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  #16 (permalink)  
Old 04-04-2006, 06:17 AM
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Way to go Cboy. I'll bet your hooked now, eh? It took me a few tries to get used to it, but now I coat anything I can. Easy to cleanup, minimal mess, and if you make a mistake, just blow the powder off and start over.

Here's a tip - try coating with the chome first and then go over with some transparent colors, i have lollipop blue I've been using. It looks real good over the chrome.

I needed a 45 degree angle fitting for my fuel lines. All I had was a nasty looking galvanized steel pipe fitting from the hardware store. So I ground it down and sanded it smooth then coated with the lollipop blue (didn't need the chrome as it was shiney at that point anyway) and it looks like the rest of the blue earls an fittings (maybe better)

I really like the wrinkle black coating too.

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  #17 (permalink)  
Old 04-04-2006, 07:29 AM
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A friend of mine did a bunch of almost chrome on his 90's cougar. He also had one of those venitilated hoods. Anyway the almost chrome ended up water spotting and getting dull. I am not sure if it was his skills as a powder coater, as he also did some steel rims which later ended up rusting. He was using the kit like the one on eastwood with the little plastic bottles that screw on.

Anyway just an fyi. You may wanna see what happens if you expose some to water for a while. If your hood is tight I don't think you will have the same issues though.
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Old 04-04-2006, 07:36 AM
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Those look awesome Cboy!
After you coated the brackets chrome, did you have to put on a coat of clear?



Brad
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Old 04-04-2006, 08:17 AM
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Quote:
Originally Posted by Magnus_Jager
Anyway the almost chrome ended up water spotting and getting dull. I am not sure if it was his skills as a powder coater, as he also did some steel rims which later ended up rusting.
Thanks for the heads up. Being brand new to this I speak with absolutely zero authority, but my initial response would be that the rusting problem might well have something to do with the prep work...not getting the part totally clean and free of rust to begin with. The water spotting & dulling, on the other hand, would seem to be more product related...and thus of greater concern to me. I'll have to keep an eye on it. Maybe others with more experience can speak to this issue.

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Old 04-04-2006, 08:28 AM
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First let me point out that I have never done any powder coating so all I know about it is what I have read. With that out of the way, I have been told there are different grades of powder and that like most things there is good stuff and junk. The cheap powders and "reclaimed powders", whatever that is, can cause just the problems mentioned with the water spotting and rust but the good powder done properly is a lot tougher than most paints and water spots and rust should never be a problem.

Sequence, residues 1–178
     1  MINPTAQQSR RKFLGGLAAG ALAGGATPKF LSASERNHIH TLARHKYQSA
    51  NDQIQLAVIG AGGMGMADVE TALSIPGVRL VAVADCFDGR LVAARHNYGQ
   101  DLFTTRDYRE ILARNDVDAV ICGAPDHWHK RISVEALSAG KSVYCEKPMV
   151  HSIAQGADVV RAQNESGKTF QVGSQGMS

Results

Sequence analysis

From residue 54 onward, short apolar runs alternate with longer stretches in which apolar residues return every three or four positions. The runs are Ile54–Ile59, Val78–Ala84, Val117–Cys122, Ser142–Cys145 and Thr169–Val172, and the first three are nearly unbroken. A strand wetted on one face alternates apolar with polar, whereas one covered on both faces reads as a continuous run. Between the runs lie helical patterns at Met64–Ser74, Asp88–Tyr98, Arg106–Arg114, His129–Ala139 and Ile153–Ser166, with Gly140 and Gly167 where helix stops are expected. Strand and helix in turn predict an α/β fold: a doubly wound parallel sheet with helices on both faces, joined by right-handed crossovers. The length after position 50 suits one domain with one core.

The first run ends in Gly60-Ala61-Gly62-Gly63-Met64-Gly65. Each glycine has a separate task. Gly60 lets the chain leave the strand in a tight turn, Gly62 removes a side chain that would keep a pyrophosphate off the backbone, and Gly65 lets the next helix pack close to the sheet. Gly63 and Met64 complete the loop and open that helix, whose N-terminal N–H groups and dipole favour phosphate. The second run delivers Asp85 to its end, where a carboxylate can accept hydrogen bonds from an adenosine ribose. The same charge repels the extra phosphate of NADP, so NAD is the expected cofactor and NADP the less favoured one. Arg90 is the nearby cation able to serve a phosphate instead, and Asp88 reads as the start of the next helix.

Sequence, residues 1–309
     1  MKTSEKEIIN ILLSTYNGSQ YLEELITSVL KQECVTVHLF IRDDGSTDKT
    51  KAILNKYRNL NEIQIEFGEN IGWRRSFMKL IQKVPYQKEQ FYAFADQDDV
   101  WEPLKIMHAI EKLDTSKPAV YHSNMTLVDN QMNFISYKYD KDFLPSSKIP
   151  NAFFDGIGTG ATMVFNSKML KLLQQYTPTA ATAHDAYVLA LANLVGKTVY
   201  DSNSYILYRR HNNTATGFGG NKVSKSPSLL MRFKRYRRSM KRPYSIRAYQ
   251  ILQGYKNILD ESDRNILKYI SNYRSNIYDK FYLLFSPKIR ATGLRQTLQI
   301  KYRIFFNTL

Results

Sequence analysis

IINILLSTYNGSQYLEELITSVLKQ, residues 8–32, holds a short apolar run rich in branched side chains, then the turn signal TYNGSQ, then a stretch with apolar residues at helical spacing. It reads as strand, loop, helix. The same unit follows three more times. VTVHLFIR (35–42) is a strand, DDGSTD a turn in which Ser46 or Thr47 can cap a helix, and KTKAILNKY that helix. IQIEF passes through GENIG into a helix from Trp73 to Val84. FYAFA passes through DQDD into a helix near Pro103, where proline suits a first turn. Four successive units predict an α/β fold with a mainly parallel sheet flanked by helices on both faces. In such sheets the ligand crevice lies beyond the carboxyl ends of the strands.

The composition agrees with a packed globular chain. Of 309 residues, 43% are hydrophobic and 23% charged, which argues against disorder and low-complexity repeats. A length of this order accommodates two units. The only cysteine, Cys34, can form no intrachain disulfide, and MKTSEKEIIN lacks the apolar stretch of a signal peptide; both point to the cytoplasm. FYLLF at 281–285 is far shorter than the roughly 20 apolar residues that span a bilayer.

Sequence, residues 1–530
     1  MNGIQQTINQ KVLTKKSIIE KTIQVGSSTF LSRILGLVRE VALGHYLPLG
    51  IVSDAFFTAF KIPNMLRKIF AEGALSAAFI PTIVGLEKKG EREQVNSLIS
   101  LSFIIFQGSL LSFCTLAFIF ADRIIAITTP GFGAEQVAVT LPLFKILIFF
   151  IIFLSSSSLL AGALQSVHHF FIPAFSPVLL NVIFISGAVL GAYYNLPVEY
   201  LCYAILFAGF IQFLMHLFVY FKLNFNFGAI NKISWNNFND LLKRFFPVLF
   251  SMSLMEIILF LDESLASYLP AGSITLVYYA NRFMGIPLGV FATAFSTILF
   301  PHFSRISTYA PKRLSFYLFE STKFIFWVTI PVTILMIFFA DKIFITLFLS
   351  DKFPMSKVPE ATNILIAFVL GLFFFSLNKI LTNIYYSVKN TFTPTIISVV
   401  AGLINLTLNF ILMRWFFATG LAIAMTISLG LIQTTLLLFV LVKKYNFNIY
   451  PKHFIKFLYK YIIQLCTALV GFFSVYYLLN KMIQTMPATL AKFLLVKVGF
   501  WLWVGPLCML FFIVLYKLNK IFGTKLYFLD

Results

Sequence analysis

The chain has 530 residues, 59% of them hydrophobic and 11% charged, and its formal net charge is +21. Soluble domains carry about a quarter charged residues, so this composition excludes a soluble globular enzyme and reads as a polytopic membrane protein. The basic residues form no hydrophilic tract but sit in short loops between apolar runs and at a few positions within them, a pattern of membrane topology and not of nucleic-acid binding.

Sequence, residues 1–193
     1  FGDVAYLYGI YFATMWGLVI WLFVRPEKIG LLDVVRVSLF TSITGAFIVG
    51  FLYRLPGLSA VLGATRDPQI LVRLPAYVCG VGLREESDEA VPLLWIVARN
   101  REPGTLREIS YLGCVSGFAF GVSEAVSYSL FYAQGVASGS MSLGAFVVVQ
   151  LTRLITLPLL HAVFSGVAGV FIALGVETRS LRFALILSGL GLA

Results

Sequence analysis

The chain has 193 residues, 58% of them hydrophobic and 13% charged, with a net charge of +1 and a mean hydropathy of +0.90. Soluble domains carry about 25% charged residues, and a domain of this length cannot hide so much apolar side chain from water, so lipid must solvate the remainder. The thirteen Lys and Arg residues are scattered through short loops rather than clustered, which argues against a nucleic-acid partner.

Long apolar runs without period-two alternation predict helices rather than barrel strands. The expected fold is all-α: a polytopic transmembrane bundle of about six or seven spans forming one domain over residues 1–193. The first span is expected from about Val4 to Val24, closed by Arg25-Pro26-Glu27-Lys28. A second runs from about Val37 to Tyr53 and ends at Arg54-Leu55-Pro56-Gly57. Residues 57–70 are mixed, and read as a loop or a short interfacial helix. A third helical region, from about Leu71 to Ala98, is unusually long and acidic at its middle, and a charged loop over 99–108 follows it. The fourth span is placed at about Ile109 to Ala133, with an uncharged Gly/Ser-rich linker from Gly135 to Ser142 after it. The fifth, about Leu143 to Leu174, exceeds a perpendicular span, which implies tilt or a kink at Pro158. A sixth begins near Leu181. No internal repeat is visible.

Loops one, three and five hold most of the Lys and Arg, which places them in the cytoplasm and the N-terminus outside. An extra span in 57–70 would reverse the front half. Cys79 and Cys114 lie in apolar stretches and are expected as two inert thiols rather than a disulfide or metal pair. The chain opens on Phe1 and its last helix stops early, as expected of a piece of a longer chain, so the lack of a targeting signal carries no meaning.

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  #21 (permalink)  
Old 04-04-2006, 08:31 AM
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Quote:
Originally Posted by WakBordr7387
After you coated the brackets chrome, did you have to put on a coat of clear?
Brad,

The brackets shown in the initial post do not have a clear coat. Eastwood sells two types of chrome, one requires clear coating and the other (which is recommended by Eastwood for car parts) is a one-coat deal - which I used. The manifold shown in my later post is coated with clear directly over the polished aluminum - just to give you idea of how it might look.

As I experiment around with the coater I'll try putting clear over the one-step chrome just to see what it looks like. Maybe some of the other coaters on board have already done this and can post a picture of two of their results. My impression from the manifold is that the clear gives a "slick" look but I don't think it will increase the reflectivity or "brightness" if applied over the chrome powder. In fact, the clear actually dulls the polished aluminum a bit and blurs the reflections (as you might be able to tell from the side by side pics above).

Again, these are just the observations of a total rookie so I completely defer to those on the forum with more coating experience.
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Old 04-04-2006, 04:52 PM
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Although I picked up an Eastwood gun if I had to do it over again I would consider a Chicago Electric gun as it has a foot pedal which frees up a hand.

http://www.columbiacoatings.com/1024...5erfrg5467.htm

I usually get my powder from the same person. Anybody have a recommendation for powder in Canada>
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  #23 (permalink)  
Old 04-04-2006, 06:15 PM
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Quote:
Originally Posted by Mike951
Although I picked up an Eastwood gun if I had to do it over again I would consider a Chicago Electric gun as it has a foot pedal which frees up a hand.
I agree that it's a bit awkward to have the gun in one hand and the activator switch in the other, but I would think a foot switch might have it's own drawbacks. Just from doing the two batches I've done so far I know I had to move all around the parts to get the powder fairly even and make sure it was getting in all the nooks and crannies. Seems like you'd have to be dragging that foot switch all around with you as you move around to do the painting.
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